September in Costa Rica is deep into the rainy season which spans from May to mid-November. There are a number of benefits to traveling during this time: lower prices and fewer crowds (more on this below), and the fact that Costa Rica's already lush vegetation becomes even more vibrant.
Sure, there's more of a chance of rains clouding the skies on your beach holiday, but the tradeoff is that the tropical dry heat found in certain parts of the country (like the Nicoya Peninsula) is a bit more bearable. The popular surf village of Tamarindo, for example, enjoys averages in the 70s Fahrenheit during the rainy season as opposed to the 80s or even higher. Costa Rica's rainy season can be so pleasant, in fact, that locals have taken to calling it the "green season." Read our guide for visiting Costa Rica in the rainy season.
Crowds & Costs
Because September falls in Costa Rica's offseason, you can expect fewer tourists and all the benefits that come along with it, like reduced hotel room prices and cheaper international airfares (and some cheaper local flights, too). That said, because September is also the time of the country's Independence Day, expect huge crowds of locals in cities and towns from the middle of the month onward. Overall it's a great party, but it might slow down your transport times if you're driving through such places.
Where to Go
Some parts of Costa Rica remain drizzly and overcast all year. Nowhere is this more striking than at the Monteverde Cloud Forest Biological Reserve, a 26,000-acre protected area filled with hiking trails and suspension bridges. Or head to the Caribbean coast for some sunshine and surfing—Puerto Viejo has a rich Afro-Caribbean heritage, as well as some great surf breaks (particularly at Salsa Brava beach). And Guanacaste Province is an area that remains reliably hot and dry all year—there's very little rainfall even in the rainy season.
If your trip coincides with Independence Day (9/15), then you can go anywhere and enjoy the festivities. It's a colorful, raucous affair with people adorning cars, homes, and businesses with the Costa Rican flag. Celebrations kick off with the Desfile de Faroles, a night parade of children carrying homemade lanterns. Cartago, located just outside San José, is the final destination of a symbolic independence torch that is literally carried by relay runners all the way from Guatemala. Needless to say, the parades and parties here are epic.
What to Do
If there's one activity tailor-made for Costa Rica's green season, it's rafting. By June, the rivers are raging and the greenery along the banks is in full bloom. That's not to say the only options are for adrenaline junkies (like the wild class IV rapids on Reventazon River)—the Savegre River, which passes through Manuel Antonio National Park, features class II and III rapids ideal for kids as young as eight.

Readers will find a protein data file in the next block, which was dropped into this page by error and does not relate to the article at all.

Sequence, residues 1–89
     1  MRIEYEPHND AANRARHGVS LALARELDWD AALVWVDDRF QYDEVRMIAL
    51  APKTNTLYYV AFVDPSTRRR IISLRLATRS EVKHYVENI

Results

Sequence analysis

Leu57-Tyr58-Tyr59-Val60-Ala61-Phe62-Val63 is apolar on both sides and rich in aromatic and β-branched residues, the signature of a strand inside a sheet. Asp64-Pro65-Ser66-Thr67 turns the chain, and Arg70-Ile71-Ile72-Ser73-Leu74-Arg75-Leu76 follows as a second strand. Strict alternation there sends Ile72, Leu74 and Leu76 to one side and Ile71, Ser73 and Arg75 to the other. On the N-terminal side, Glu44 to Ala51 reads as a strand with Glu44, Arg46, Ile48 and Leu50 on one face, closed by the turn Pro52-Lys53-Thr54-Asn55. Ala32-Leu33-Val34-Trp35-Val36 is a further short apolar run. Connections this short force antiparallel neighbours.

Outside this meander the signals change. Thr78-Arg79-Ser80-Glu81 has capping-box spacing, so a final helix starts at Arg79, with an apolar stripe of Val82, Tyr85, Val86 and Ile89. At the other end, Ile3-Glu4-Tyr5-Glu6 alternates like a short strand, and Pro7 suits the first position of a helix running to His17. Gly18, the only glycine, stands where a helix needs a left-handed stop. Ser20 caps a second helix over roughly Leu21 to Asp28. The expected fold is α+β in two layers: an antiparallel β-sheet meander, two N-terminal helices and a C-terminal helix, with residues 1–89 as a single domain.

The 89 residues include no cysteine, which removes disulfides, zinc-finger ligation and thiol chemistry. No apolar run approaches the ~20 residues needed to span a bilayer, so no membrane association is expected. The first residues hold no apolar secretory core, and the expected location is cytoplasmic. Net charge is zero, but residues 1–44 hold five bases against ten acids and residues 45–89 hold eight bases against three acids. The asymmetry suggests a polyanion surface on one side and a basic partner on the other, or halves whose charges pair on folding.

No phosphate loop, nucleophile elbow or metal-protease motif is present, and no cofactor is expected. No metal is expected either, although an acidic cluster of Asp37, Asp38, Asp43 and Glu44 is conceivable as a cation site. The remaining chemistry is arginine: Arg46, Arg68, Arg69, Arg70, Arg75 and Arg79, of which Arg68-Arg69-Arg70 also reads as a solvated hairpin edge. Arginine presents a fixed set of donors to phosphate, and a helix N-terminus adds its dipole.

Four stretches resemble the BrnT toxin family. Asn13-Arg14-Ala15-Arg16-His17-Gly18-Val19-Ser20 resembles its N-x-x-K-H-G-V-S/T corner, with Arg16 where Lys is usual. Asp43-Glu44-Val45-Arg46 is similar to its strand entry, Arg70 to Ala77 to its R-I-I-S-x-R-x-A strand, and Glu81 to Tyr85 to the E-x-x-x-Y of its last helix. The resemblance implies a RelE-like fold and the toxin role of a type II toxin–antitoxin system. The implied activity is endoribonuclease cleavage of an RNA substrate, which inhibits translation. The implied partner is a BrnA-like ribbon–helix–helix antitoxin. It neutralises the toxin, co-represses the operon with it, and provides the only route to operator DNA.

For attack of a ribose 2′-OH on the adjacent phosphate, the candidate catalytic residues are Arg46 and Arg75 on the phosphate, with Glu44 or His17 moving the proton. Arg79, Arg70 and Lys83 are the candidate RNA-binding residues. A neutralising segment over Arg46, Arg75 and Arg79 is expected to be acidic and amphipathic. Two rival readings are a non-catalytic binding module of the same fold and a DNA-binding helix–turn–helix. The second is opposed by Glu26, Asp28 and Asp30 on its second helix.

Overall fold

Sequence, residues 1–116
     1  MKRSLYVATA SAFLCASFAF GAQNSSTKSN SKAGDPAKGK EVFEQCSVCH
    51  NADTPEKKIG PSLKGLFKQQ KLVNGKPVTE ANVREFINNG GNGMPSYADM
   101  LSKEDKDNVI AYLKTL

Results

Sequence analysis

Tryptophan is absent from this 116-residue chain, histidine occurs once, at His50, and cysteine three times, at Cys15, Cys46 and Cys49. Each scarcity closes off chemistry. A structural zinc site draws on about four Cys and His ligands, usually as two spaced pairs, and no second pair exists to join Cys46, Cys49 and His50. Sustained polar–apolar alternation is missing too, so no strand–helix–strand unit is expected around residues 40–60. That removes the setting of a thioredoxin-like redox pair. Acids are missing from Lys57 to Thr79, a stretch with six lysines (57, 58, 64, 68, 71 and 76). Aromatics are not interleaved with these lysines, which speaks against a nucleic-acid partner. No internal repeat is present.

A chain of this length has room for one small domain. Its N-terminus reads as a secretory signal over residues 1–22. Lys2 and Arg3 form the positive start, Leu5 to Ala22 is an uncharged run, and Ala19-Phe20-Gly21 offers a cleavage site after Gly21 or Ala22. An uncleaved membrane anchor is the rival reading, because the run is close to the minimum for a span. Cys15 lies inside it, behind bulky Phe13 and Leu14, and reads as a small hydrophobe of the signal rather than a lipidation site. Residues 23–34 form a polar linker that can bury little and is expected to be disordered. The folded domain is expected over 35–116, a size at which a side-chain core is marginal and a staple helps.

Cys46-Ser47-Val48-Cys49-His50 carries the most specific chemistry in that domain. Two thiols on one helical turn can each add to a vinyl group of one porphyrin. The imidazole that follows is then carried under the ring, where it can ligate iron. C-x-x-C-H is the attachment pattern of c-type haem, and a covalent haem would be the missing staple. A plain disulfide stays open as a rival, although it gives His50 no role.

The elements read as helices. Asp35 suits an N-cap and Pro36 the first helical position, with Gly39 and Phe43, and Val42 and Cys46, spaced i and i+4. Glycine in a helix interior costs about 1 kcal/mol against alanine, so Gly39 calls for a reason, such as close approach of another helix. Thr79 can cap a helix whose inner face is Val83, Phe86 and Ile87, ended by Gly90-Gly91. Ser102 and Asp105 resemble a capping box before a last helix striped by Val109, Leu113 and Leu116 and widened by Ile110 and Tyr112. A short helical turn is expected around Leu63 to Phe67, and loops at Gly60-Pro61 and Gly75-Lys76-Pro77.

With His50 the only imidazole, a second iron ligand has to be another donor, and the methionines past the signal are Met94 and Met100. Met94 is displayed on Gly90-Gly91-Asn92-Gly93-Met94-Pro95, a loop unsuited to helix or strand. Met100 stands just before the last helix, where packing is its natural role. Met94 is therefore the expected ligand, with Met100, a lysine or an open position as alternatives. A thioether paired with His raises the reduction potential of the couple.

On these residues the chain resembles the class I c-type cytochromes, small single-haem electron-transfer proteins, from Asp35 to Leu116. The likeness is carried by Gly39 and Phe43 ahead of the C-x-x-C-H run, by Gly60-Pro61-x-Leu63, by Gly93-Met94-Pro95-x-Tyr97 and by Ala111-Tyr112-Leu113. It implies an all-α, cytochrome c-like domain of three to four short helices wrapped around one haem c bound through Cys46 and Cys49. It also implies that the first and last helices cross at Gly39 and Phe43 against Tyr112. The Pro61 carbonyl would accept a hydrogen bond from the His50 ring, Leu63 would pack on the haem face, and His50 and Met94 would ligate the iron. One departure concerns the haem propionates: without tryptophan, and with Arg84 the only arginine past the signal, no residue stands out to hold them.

For whale watching, head to the Osa Peninsula. Just offshore from Bahía Drake, humpback whales migrating from the south pass by during the months of July to November. In this area you can see them engaged in mating or, if you're lucky, giving birth to calves. And your best chance to view nesting turtles is during the green season, too. From July to December (and most frequently in September-November), thousands of female turtles crawl up on the beach to lay their eggs. Try the Ostional Wildlife Refuge and Parque Nacional Tortuguero, on the northern Caribbean coast.
Events in September
Independence Day. September 15th is CostaRica's Independence Day (they officially achieved it in 1821), and ticos celebrate in style. They don traditional dress and parade through the streets in most cities and towns throughout the country.
International Coastal Clean-Up Day. In mid-September, the Ocean Conservancy spearheads efforts to tackle coastal pollution by sponsoring volunteers to clean up local beaches.
Traveling to Costa Rica in September? Check out these great itineraries.
Caribbean Coast Adventure. Spend a fun-filled week hiking in the rainforest, snorkeling in coral reefs, rafting the world-class rapids of Río Pacuare, and more. This itinerary is ideal for travelers heading to Costa Rica during the "green season" (May - November), as the Caribbean coast stays relatively dry during rainy months—and it's also the best time to see turtles nesting in Tortuguero National Park
Costa Rica Whitewater and Surfing. From a whitewater rafting adventure along miles of tropical scenery on the Pacuare River to an excursion to one of the country's top surf spots, this short and sweet itinerary is jam-packed with thrilling aquatic experiences.